As I discussed last week, global economic growth is at risk from the US government’s imposition of tariffs on trade with China. But the focus on physical trade in goods is also missing an important point: the future, and the present, for some countries, is more about data flows than physical products.
Unlocking the benefits of data
The UK is among those countries that have a surplus in trade in services and is a prominent exporter of digitised services. Other advanced economies could also benefit as the world population grows amidst this boom in digital services given their expertise in legal, financial, pension and insurance services. But developing countries that are focussing on tradeable services and becoming hubs for communication and business services will also gain, as well all of the millions of small businesses and individuals that can use digital tools in a connected and wired world.
Digital is not just video streaming, social media, Skype etc. Data is of itself valuable. The way its use and analysis can make communications, transportation, health, farming and other industries perform even better is only starting to be realised. The next generation of technological advances will require the review of vast quantities of data to unlock their full benefits. The imminent arrival of quantum computers makes that inevitable.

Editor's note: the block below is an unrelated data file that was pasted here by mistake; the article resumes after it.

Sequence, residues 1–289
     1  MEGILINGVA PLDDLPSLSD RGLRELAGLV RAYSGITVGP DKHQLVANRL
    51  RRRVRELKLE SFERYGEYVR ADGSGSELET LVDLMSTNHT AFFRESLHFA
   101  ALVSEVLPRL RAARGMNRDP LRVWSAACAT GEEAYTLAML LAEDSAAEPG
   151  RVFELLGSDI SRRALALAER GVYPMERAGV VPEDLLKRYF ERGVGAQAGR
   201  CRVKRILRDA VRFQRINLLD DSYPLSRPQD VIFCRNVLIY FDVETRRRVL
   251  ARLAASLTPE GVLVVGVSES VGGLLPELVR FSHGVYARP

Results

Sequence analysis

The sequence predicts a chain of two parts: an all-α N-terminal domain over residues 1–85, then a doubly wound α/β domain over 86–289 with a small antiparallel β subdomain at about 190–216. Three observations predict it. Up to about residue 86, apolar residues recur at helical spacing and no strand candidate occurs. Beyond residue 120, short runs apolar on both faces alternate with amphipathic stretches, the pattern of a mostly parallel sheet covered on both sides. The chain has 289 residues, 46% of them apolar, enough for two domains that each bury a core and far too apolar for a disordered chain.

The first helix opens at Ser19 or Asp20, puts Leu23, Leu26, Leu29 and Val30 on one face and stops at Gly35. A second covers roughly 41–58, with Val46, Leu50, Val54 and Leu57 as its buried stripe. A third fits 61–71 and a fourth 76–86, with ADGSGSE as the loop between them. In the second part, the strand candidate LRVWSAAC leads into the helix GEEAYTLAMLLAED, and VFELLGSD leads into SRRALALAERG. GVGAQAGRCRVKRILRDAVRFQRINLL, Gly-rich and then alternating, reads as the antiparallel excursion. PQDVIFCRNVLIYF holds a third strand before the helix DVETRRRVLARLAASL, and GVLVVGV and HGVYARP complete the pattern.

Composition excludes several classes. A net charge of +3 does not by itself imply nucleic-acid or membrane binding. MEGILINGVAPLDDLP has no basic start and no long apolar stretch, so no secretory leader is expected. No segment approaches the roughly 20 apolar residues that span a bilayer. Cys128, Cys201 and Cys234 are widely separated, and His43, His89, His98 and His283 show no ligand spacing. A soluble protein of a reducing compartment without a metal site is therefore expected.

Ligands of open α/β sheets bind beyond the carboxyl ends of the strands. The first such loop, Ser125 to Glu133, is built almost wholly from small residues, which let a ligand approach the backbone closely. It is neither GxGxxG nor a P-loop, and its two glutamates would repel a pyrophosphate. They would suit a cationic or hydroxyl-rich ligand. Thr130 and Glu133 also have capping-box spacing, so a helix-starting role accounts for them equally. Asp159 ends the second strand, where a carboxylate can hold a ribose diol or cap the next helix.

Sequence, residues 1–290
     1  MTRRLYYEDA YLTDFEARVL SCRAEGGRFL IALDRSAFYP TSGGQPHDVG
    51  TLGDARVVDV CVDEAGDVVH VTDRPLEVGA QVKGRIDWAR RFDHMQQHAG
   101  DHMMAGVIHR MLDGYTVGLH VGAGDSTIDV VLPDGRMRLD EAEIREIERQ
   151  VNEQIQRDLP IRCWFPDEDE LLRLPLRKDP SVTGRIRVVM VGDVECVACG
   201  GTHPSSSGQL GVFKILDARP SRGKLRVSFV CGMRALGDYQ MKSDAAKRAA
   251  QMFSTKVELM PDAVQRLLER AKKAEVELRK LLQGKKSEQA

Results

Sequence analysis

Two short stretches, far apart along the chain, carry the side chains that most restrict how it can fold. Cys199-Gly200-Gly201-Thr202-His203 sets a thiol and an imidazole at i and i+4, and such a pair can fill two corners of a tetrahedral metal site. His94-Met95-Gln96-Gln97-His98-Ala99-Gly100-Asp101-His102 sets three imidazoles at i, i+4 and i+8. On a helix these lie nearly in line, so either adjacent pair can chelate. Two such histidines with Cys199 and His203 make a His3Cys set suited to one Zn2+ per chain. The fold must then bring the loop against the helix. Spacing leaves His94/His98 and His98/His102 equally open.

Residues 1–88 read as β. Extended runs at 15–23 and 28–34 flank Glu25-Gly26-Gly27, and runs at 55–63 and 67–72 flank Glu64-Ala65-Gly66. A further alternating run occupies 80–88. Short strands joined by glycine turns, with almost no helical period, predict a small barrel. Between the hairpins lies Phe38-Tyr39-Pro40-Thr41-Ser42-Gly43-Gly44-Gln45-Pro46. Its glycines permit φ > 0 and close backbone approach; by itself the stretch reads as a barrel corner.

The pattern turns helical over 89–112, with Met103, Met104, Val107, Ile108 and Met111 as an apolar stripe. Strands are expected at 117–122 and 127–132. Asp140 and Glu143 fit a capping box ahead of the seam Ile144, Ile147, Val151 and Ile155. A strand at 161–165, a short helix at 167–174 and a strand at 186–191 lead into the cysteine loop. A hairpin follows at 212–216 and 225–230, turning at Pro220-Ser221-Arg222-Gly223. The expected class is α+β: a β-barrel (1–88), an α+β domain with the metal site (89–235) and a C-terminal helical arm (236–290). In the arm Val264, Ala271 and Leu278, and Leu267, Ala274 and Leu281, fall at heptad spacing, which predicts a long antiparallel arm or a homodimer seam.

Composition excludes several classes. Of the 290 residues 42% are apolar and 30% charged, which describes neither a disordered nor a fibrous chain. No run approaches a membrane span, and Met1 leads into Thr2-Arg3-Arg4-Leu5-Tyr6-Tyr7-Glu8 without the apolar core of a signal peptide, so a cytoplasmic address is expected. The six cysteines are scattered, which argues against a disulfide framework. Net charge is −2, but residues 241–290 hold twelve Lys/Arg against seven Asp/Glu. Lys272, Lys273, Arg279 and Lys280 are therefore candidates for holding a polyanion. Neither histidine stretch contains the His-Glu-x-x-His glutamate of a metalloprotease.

IMF data suggest that up to half of all services activity is underpinned by digital technology. According to data from Cisco, the amount of cross border bandwidth grew 90-fold between 2005 and 2016. It is expected to grow 13-fold by 2023. The current focus and discussions seem increasingly to be about the past, meanwhile the digital revolution gathers pace.
The start of something extraordinary
The world economy could get a considerable boost and avoid some of the issues generated by a focus on goods, by putting in place appropriate policies for tomorrow, today. Encouragingly, some progress has been made. The Trans-Pacific Partnership – which, since the US pulled out, now consists of 11 countries – has an agreement to guarantee the free flow of data across borders for services providers and investors. It’s just the start.
Production could shift closer to home in some cases; customised consumer products are coming. Productivity will get a boost and so will the pace of growth, just in time to help fund ideas and cut costs with new technologies to combat climate change. Reductions in tariffs – currently between 30 and 50% – will give a huge boost to global services trade. Imagine the lift given to world wealth creation if they were to cut levels prevailing for visible goods of around 3%?